Thus, although the principle of the lever was well understood in Hellenistic times, that of the inclined plane was not. Since the modern laws involves only the proportions in a triangle, it seems strange that this simple principle was not discovered. (Cooke, 146,147. ) Figure 1: The law of the inclined plane according to Heron and Pappus. Once again, Heron of Alexandria is best known in the history of mathematics for the formula, bearing his name, for the area of a triangle:
Where a, b, c are the sides and s is half the sum of these sides, that is, the semiperimeter. The Arabs tell us that Herons formula was known earlier to Archimedes, who undoubtedly had a proof of it, but the demonstration of it in Herons Metrica is the earliest that we have. Although now the formula usually is derived trigonometrically, Herons proof is conventionally geometric. The Metrica, like the Method of Archimedes, was long lost, until rediscovered at Constantinople in 1896 in a manuscript dating from about 1100.
The word geometry originally meant earth measure, but classical geometry, such as that found in Euclids Elements and Apollonius Conics, was far removed from the mundane surveying. Herons work, on the other hand, shows us that not all mathematics in Greece was of the classical type. There evidently were two levels in the study of configurationscomparable to the distinction made in numeral context between arithmetic (or theory of numbers) and logistic (or techniques of computation)one of which, eminently rational, might better be described as geodesy. The Babylonians lacked the type of mathematics that is found in Heron.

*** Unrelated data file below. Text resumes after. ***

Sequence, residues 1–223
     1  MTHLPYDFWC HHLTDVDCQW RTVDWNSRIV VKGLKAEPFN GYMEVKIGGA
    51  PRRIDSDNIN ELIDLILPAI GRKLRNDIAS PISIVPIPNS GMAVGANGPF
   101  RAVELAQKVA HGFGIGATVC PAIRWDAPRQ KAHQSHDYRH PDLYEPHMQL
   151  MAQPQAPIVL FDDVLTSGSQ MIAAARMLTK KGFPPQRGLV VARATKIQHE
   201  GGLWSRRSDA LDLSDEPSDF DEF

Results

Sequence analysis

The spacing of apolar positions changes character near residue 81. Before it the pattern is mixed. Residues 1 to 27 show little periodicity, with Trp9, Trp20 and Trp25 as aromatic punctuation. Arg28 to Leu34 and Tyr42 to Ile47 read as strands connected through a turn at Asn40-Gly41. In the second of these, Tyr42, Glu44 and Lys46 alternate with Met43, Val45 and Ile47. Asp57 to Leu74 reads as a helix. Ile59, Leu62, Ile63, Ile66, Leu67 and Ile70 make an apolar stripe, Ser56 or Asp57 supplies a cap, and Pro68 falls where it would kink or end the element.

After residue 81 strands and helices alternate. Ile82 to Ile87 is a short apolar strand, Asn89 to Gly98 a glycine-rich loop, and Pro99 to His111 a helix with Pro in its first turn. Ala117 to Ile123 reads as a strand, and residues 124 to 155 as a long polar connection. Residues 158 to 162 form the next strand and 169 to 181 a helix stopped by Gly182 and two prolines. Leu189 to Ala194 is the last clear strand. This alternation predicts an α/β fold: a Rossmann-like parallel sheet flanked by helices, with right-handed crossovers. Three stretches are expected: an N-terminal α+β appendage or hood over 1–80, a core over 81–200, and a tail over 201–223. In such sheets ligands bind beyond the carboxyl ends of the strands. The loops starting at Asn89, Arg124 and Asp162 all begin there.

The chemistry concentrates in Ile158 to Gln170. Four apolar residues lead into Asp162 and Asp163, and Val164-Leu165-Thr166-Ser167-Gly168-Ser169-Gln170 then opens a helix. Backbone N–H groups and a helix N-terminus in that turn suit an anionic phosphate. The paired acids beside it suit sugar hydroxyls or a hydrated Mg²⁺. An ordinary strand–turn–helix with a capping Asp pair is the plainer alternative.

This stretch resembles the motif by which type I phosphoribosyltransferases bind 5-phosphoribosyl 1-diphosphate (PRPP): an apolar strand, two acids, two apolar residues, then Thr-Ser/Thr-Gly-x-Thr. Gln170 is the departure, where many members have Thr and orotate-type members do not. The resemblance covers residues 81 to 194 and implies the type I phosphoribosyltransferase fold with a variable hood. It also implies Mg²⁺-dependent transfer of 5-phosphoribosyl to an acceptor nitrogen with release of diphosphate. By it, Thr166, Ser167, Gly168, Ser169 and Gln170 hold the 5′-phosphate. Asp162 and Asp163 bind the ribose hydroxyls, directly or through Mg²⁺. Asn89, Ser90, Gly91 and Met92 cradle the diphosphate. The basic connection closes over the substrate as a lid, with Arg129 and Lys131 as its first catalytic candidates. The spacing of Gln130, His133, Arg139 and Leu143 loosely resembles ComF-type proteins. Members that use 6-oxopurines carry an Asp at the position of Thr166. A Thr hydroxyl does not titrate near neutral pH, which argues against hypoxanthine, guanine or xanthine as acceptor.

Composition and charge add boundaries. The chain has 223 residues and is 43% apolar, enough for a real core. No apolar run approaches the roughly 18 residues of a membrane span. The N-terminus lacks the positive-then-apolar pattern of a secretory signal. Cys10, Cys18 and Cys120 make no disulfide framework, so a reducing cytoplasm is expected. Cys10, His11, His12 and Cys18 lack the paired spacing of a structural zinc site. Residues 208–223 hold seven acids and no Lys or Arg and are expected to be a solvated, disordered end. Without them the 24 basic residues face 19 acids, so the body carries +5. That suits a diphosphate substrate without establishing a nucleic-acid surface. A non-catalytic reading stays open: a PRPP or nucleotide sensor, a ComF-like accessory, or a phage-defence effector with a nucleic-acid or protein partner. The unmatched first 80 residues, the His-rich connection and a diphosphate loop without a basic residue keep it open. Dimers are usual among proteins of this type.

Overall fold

It is true that in the Metrica an occasional demonstration is included, but the body of the work is concerned with numerical examples in mensuration of lengths, areas, and volumes. There are strong resemblances between his results and those found in ancient Mesopotamian problem texts. For example, Heron gave a tabulation of the areas An of regular polygons of n sides in terms of the square of one side sn, beginning with A3 = 13/30S32 and continuing to A12 = 45/4S122. As was the case in pre-Hellinistic mathematics, Heron also made no distinction between results that are exact and those that are only approximations.